Starbucks started out as a small coffee house in Seattle, Washington in 1971, established by three men who believed in good coffee. In 1981, they brought in Howard Shultz as director of marketing and retail stores (Wilma, 2004). Schultz had a vision that extended far beyond the roasting of coffee beans and purchased the company from the founders in 1987. Shultz succeeded and surpassed his vision by establishing a functional organizational structure that allowed for rapid growth of the company while maintaining his concept.
Starbucks' organizational structure is a traditional functional structure. A functional organizational structure is one in which the organization's guidelines are followed to the letter. They have definitive levels of authority for each level of management (Irani, 2013). Starbucks has a vertical flow, with all of the specific departments ultimately being accountable to the CEO, Howard Shultz. This structure has allowed the company to maintain the vision and direction of Shultz, by keeping each store consistent with his specific guidelines. The organizational chart for Starbucks clearly shows the chain of command. Schultz has 15 divisions that report directly to him. These include the CIO, Marketing, CFO, Legal Department, Supply Chain Operations, Human Resources, Public Affairs, Global Development, Americas, Starbucks Channel Development, China and Asia Pacific, EMEA, Global Coffee, Strategy, and International Operations. Under these are another nine divisions of upper management. These include regional departments for marketing, finance, coffee procurement, a digital officer, and CEOs specific to certain regions. These are Asia Pacific, France, China, and International Development. There are also general managers of licensed stores (The Official Board, 2015). .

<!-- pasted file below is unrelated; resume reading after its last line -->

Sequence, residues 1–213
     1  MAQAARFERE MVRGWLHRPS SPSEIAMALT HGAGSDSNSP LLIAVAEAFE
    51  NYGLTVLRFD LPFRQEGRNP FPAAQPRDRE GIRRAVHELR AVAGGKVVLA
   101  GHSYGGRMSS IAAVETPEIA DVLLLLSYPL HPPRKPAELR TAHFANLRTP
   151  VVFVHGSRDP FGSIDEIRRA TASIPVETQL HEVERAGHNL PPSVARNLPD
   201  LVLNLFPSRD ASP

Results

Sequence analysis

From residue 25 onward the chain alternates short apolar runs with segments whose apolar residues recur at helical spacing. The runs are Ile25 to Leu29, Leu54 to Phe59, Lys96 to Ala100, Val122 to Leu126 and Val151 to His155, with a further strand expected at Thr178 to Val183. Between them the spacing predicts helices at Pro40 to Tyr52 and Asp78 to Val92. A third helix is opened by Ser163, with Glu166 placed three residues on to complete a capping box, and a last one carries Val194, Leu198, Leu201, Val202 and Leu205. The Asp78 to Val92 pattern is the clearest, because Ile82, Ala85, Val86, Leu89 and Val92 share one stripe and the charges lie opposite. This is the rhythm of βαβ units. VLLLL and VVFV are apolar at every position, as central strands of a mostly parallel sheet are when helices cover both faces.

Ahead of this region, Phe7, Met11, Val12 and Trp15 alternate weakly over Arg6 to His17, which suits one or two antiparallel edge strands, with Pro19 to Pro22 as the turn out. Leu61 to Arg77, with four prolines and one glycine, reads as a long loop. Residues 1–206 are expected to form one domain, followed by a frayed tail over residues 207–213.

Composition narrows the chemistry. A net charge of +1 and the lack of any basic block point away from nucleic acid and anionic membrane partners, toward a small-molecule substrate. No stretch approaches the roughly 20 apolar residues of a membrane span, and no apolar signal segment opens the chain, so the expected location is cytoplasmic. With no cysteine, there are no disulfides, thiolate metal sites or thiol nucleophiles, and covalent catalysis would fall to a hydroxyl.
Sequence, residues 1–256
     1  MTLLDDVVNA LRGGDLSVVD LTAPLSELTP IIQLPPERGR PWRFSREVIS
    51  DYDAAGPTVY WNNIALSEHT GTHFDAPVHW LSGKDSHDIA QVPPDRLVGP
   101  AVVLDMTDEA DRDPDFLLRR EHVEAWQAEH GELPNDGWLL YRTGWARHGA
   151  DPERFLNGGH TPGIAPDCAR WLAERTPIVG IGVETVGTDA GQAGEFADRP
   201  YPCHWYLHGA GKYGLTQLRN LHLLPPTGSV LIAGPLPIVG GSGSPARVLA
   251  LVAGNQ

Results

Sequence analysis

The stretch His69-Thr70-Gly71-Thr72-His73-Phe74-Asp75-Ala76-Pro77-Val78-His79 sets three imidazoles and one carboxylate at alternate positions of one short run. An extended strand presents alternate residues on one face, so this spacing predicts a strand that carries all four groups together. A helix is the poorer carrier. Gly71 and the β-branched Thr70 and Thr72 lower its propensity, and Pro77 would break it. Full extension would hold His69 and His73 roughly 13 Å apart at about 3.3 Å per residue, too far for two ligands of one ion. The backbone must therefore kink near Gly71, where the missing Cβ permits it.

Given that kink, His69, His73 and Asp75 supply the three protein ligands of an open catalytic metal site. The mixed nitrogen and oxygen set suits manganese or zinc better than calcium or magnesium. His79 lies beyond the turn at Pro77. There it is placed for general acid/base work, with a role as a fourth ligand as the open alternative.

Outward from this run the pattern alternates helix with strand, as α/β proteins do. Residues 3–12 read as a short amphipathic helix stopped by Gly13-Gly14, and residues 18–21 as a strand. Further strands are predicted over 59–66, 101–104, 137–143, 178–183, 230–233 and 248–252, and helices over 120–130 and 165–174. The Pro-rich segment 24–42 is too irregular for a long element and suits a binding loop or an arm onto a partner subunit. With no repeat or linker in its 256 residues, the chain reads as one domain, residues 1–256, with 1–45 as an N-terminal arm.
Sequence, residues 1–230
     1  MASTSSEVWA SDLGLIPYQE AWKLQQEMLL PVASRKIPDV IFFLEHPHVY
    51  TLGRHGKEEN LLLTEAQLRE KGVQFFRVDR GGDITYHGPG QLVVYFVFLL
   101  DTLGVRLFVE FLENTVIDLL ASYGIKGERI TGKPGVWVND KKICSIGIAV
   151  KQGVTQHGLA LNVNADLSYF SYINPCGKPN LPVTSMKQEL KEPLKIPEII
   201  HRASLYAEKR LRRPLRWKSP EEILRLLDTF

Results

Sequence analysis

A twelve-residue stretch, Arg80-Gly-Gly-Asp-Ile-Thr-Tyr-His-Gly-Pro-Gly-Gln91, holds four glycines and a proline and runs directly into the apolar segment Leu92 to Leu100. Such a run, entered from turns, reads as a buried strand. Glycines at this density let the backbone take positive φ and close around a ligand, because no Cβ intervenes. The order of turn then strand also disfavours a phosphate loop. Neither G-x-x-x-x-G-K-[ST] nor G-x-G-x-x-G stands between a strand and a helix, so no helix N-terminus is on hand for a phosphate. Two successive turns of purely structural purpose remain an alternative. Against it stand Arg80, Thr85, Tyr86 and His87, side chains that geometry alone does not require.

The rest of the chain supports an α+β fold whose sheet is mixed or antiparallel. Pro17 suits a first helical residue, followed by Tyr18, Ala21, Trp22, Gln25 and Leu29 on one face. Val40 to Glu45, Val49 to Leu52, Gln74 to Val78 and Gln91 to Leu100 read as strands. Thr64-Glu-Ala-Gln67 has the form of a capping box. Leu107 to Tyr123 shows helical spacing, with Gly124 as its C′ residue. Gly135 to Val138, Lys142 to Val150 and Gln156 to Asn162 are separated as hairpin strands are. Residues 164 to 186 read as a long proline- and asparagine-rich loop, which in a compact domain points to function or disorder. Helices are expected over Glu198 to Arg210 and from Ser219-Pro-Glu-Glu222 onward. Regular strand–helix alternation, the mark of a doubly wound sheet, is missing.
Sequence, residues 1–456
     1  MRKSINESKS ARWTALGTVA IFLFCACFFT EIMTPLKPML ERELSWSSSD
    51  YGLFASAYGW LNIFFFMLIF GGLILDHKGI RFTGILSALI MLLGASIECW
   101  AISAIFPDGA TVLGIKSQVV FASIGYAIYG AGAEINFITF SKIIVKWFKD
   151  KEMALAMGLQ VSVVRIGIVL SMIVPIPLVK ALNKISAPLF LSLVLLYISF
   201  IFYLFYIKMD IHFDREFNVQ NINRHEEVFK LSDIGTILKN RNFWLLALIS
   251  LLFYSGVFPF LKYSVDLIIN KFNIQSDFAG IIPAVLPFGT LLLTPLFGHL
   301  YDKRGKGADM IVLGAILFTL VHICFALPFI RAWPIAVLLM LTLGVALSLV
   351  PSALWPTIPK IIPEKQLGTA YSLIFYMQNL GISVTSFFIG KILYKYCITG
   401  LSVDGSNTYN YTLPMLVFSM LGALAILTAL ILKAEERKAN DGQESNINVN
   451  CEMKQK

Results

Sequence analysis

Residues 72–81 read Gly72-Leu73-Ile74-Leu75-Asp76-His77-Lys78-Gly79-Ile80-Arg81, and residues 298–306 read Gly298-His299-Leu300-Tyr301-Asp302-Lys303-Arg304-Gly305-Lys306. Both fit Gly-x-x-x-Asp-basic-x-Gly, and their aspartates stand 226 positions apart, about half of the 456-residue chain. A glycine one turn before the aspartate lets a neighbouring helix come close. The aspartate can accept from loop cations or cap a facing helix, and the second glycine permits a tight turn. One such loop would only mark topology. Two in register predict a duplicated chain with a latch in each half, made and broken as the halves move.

The organizational functions of a company or corporation can dictate which organizational structure should be utilized.